Denfeld High School's auditorium was built at a cost of $25,000 and is another of its most prominent features. It can accommodate nearly 2000 people in the audience, 200 on stage and includes an orchestra pit. Public figures who've visited in the auditorium include Richard Nixon and Johnny Cash. The auditorium was renovated for $1,200,000 and reopened in late 2006 after being closed for nearly a year. The auditorium is the annual venue for Denfeld's traditional Maroon and Gold Day assembly during the week of homecoming when the auditorium is adorned with maroon and gold decorations and the students are entertained with cheers, skits, music and school spirit. Alumni return to Denfeld for this display which is meant to motivate football players and fans for the homecoming game.
In the spring of 2007, restructuring of Duluth's elementary, middle and high schools was discussed. Three options were proposed:
The Duluth School District chose the Red Plan, leaving Denfeld open and adding approximately half of the Central population. To accommodate the increased student population, two new additions to the school are being built. Additionally, the school will undergo major reconstruction in order to conform to state standards. Construction began in 2009 and is scheduled to continue until 2011. To accommodate the new addition, Denfeld's signature brick chimney had to be removed. The chimney was an original feature of the building, but had not been used in many years. Construction crews cafefully removed the bricks, and the school plans to preserve some bricks for historcial purposes. As a result of the construction, students will have to attend Central during the 2010-11 school year. In 2011, Central will close, leaving Denfeld and East as the only high schools in Duluth.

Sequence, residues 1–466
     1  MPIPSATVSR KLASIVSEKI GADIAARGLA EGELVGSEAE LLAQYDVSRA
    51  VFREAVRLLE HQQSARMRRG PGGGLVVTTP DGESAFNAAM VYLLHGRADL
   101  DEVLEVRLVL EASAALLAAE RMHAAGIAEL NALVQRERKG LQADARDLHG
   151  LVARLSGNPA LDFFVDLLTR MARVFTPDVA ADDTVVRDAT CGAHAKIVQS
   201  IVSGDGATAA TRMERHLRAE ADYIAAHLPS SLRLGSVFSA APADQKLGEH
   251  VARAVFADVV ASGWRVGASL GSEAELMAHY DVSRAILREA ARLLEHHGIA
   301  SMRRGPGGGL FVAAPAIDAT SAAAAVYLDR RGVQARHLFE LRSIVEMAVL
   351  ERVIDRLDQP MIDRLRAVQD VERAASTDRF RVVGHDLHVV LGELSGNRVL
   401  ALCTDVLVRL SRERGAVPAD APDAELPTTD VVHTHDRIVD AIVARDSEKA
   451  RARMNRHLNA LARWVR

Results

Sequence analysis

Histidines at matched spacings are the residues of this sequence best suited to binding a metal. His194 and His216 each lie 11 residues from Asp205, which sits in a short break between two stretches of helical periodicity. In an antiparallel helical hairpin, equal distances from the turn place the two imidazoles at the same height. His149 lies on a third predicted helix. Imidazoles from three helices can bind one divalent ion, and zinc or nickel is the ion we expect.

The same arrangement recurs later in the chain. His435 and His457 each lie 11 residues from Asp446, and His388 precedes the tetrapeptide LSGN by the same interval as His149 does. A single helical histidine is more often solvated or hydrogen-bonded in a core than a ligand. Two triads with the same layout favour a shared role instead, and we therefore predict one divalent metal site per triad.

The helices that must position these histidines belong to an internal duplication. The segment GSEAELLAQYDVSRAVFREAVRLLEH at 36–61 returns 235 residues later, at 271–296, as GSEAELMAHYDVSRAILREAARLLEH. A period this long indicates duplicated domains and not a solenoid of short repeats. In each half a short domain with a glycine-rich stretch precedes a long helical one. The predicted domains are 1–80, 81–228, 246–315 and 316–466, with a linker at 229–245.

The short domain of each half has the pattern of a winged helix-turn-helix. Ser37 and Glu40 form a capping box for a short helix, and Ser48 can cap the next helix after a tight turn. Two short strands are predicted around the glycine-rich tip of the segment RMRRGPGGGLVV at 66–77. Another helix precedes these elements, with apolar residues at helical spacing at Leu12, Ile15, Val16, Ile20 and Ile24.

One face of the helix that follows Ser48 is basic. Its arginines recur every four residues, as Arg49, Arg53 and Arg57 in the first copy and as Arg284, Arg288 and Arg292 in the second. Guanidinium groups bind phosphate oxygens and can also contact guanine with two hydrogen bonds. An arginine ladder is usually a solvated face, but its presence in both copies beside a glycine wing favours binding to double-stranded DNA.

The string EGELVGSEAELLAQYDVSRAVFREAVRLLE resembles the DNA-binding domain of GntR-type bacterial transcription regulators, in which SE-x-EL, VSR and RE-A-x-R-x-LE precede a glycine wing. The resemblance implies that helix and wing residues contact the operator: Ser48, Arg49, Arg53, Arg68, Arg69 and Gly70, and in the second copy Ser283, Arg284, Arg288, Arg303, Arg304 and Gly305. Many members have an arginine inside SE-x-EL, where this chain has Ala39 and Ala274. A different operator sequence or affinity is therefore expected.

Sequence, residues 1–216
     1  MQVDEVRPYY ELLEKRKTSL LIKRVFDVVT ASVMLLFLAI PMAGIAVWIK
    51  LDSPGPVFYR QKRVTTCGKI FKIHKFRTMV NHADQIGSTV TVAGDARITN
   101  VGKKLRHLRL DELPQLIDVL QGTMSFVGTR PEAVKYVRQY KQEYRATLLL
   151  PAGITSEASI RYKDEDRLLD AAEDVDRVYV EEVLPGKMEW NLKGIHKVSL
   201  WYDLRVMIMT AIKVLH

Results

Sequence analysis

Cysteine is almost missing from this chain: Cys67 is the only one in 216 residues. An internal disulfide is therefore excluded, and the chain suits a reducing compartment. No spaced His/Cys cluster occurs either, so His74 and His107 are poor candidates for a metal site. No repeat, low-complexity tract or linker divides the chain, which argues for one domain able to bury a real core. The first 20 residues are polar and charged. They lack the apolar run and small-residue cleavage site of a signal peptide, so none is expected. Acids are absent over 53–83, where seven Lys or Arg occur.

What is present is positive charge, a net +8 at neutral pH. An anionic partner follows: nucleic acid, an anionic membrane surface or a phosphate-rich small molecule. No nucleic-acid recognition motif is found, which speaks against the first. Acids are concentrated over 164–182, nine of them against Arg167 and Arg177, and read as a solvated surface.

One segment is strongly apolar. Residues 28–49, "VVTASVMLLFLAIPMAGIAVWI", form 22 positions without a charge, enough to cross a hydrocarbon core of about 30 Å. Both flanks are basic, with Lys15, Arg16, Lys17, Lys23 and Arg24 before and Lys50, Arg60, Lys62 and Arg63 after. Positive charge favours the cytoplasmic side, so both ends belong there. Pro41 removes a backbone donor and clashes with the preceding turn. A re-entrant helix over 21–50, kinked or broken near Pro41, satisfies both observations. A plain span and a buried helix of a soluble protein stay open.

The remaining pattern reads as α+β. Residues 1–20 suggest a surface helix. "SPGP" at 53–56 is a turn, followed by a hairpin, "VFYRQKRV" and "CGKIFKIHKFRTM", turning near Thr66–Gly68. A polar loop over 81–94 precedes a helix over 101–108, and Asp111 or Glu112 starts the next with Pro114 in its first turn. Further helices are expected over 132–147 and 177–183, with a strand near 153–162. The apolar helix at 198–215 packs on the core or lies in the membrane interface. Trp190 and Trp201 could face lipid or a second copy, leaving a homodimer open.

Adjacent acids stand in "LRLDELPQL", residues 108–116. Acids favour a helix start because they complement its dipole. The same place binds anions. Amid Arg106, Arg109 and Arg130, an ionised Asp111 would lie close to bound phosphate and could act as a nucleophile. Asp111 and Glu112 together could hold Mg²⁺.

Homecoming Week activities include daily dress-up days such as "Kid Day" (usually on Tuesday) and "Maroon and Gold Day" (every Friday for the last 100 years.) On Wednesday of Homecoming Week, a massive bonfire takes place in Merritt Park in West Duluth during which the game of Red Rover is usually played between the upper and lowerclassmen and every cheer in the cheerleaders' book is started. The biggest event during the week besides the football game and assembly is the hall decorating contest, where the interior first floor of the building is covered in handmade posters, streamers, locker signs, balloons and other decorations. Freshmen decorate the hall near the cafeteria and sophomores decorate the other half of the hall. Juniors decorate the second floor and seniors decorate the third floor.